Fishing vessel salvaged after nine-day effort

RAWAI: It took a week of strenuous effort, but the fishing boat Sa-nguansin, which sank off the coast of Racha Yai island on the evening of January 25, was finally raised and towed ashore to Cape Panwa on February 2.

All 14 members of the crew survived the accident unharmed, though boat owner Sanor Phopipat now faces a bill for half a million baht’s worth of repairs.

Villagers and fishermen on Racha Yai must have felt their luck was in when whole tuna fish started washing up on the island’s beaches on January 27 – the boat was carrying over 5,000 tonnes of fish when it went down in heavy seas at around 9 pm.

The crew were rescued by the fishing boat Chokenattaporn, which was in the area at the time.

Mr Sanor, who estimated the cost of the damage at around 480,000 baht, said he was worried about how he would take care of his family now his livelihood had been destroyed.

On January 27, tuna from the Sa-nguansin‘s hold began to wash up on the beaches of Racha Yai. Villagers were initially delighted that fresh tuna were washing up on their beach, but exposure to the sun meant they quickly began to decay and smell. They eventually began to burn and bury the inedible fish, which were bothering tourists.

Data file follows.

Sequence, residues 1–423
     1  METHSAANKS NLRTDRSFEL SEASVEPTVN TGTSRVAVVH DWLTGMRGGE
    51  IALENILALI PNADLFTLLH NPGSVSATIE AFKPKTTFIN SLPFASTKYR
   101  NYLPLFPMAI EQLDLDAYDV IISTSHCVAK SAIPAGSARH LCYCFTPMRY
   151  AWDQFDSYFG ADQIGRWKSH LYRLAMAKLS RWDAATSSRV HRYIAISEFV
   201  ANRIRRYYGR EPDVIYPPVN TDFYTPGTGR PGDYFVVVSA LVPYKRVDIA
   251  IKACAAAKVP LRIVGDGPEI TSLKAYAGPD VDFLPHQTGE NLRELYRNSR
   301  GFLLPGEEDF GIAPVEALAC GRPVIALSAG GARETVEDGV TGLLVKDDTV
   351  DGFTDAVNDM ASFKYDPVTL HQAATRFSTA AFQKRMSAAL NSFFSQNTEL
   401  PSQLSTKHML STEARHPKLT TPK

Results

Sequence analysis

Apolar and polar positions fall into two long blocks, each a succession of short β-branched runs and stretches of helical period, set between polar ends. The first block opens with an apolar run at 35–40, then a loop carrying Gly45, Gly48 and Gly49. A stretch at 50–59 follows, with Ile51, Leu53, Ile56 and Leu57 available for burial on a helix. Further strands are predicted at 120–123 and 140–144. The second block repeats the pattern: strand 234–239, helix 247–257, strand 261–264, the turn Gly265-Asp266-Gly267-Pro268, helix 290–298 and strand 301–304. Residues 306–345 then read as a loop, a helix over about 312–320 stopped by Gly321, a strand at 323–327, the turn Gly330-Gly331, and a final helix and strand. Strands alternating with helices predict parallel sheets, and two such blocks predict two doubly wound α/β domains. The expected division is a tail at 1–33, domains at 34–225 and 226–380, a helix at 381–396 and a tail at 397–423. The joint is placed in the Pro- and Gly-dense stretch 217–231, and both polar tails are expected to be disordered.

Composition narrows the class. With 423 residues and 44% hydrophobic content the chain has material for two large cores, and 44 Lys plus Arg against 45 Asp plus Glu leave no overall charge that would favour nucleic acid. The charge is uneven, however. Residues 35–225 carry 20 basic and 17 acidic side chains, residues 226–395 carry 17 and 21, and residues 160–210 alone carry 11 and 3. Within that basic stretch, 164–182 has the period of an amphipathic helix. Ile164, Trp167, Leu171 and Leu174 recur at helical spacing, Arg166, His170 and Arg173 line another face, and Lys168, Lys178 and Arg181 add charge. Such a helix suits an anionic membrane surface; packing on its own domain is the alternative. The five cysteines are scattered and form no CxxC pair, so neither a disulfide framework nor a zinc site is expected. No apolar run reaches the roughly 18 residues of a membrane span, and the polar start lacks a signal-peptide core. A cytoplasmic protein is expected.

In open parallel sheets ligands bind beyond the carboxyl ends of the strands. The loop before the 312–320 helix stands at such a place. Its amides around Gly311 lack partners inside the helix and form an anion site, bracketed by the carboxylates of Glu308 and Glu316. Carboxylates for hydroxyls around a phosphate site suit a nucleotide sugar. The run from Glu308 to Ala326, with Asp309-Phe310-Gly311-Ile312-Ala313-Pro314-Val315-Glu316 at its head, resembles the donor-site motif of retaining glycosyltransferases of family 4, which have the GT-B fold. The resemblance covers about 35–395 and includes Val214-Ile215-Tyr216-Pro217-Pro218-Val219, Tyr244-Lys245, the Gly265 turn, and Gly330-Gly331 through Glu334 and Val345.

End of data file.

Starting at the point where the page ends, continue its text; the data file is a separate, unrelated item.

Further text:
Meanwhile, Mr Sanor and his crew were trying to salvage the Sa-nguansin. After an initial inspection of the site on January 26, the men returned the next day on a friend’s fishing boat to try and raise the vessel, lying 30 meters below the surface.

The men tied empty oil drums to the boat and pumped them full of air in an unsuccessful three-day bid to float the vessel.

On January 30 they came back with a team of navy seal divers from the Royal Thai Navy Third Fleet, based at Cape Panwa. Again the effort failed for lack of proper equipment.

On January 31, divers attached more than 30 oil drums to the vessel and were finally able to lift it off the seabed, though not all the way to the surface. Using navy patrol boat Tor 220, they attempted to tow Sa-nguansin, but the rope broke and the attempt had to be abandoned as night set in.

On February 1 the Royal Thai Navy brought in warship Ruea Luang Tongkaew to assist and the vessel was finally towed to within a mile of the navy base before the tow rope snapped once again.

On the final day of the saga, the vessel was finally berthed at Cape Panwa at around 4 pm.

Mr Sanor has already set to work repairing his boat.

Phuket News

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